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Teaching Benefit-Cost Analysis

Tools of the Trade Edited by Scott Farrow, Professor of Economics, University of Maryland, Baltimore County, US
Teaching Benefit-Cost Analysis provides detail and inspiration that extends and clarifies standard textbooks. Each short, self-contained module includes guidance to additional sources while many also provide class exercises. Classes for advanced undergraduates, practitioners, or Masters students could especially apply these tools of the trade.
Extent: 264 pp
Hardback Price: $130.00 Web: $117.00
Publication Date: 2018
ISBN: 978 1 78643 531 6
Availability: In Stock
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  • Economics and Finance
  • Public Finance
  • Public Sector Economics
  • Valuation
  • Teaching Methods in Economics
Teaching Benefit-Cost Analysis is a unique look at the insights of internationally recognized teachers, researchers and practitioners addressing a difficult and controversial subject. Each chapter presents a self-contained module that includes guidance to additional resources, and many contain class exercises to provide detail and inspiration that extends beyond the scope of standard textbooks.

The social evaluation of public investments by governments, international organizations and non-profits is an expanding field that encompasses both new and established areas of social policy. This book expands on the methods and issues central to the study of benefit-cost analysis, with specific topics including risk, societal distribution of impacts, limited versus national effects, the statistical value of a life and more.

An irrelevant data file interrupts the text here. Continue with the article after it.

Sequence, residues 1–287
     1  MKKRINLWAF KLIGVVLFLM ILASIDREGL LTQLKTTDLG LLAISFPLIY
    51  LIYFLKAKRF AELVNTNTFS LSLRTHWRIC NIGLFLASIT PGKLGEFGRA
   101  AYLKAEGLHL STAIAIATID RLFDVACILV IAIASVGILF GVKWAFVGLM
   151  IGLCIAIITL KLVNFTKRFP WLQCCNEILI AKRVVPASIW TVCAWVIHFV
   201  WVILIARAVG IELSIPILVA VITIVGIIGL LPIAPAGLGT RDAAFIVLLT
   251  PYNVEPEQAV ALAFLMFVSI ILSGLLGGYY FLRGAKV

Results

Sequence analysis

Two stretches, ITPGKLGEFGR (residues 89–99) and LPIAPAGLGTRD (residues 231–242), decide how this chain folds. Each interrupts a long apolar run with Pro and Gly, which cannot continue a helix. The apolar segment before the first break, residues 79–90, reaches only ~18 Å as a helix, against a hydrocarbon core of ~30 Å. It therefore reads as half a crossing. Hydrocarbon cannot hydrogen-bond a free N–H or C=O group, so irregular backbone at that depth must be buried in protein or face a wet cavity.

This book’s focus on classroom engagement makes it a valuable resource for teachers of benefit-cost analysis. Its attention to foundational and advanced concepts will be of interest to undergraduate or Master’s-level students of public policy, economics and related areas, as well as professional economists who apply benefit-cost analysis in their work.
Contributors: C. Belfield, W.K. Bellinger, A. Brooks Bowden, G. Catalano, C. Dockins, S.E. Dudley, S. Farrow, M. Florio, D. Greenberg, C. Griffiths, A.C. Harberger, P.-O. Johansson, B. Kristrom, K. Krutilla, H.M. Levin, J. Mendeloff, C. Pancotti, E. Quinet, L.A. Robinson, D. Salkever, S. Shapiro, N. Treich, D. Weimer, R.O. Zerbe










Contents:

Preface: Teaching Benefit-Cost Analysis

PART I The Big Picture
1. Decision Rules
William K. Bellinger

2. Triangles and All That
Arnold C. Harberger

3. Defining the Baseline
Charles Griffiths and Chris Dockins

4. The Concept of Standing in Benefit-Cost Analysis
Richard O. Zerbe

5. Partial Equilibrium versus General Equilibrium Evaluations or Small versus Large Projects
Per-Olov Johansson and Bengt Kriström

6. Benefit-cost Analysis and US Regulatory Review: Finding a Market Failure
Susan E. Dudley

7. The Essentials: A Short Course for Young Professionals
Gelsomina Catalano and Massimo Florio

PART II Challenging Concepts and Examples
8. Valuing Statistical Lives
Lisa A. Robinson

9. The Arithmetic of Efficiency—Or the Value of Marginal Analysis
John Mendeloff

10. Treatment of Employing and Disemploying Workers
David Greenberg

11. Uncertainty and Risk
Nicholas Treich

12. On defining and valuing the benefits of health policy interventions: How and why CEA in health morphed into CU(B)A and “back-door” BCA
David Salkever

13. Harmful Addiction
David Weimer

14. Supplementing Benefit-Cost Analysis: Models for Transport and Land Use Decisions
Emile Quinet

15. Evaluating Knowledge Projects and R&D Infrastructures with an Example
Massimo Florio and Chiara Pancotti

16. Cost Estimation in Education: the Ingredients Method
Clive Belfield, A. Brooks Bowden and Henry M. Levin

17. Distributional Accounting in Benefit-Cost Analysis
Kerry Krutilla

18. Case Studies in the Classroom: Lessons Learned
Stuart Shapiro

19. Simulation: Incorporating Uncertainty
Scott Farrow

Index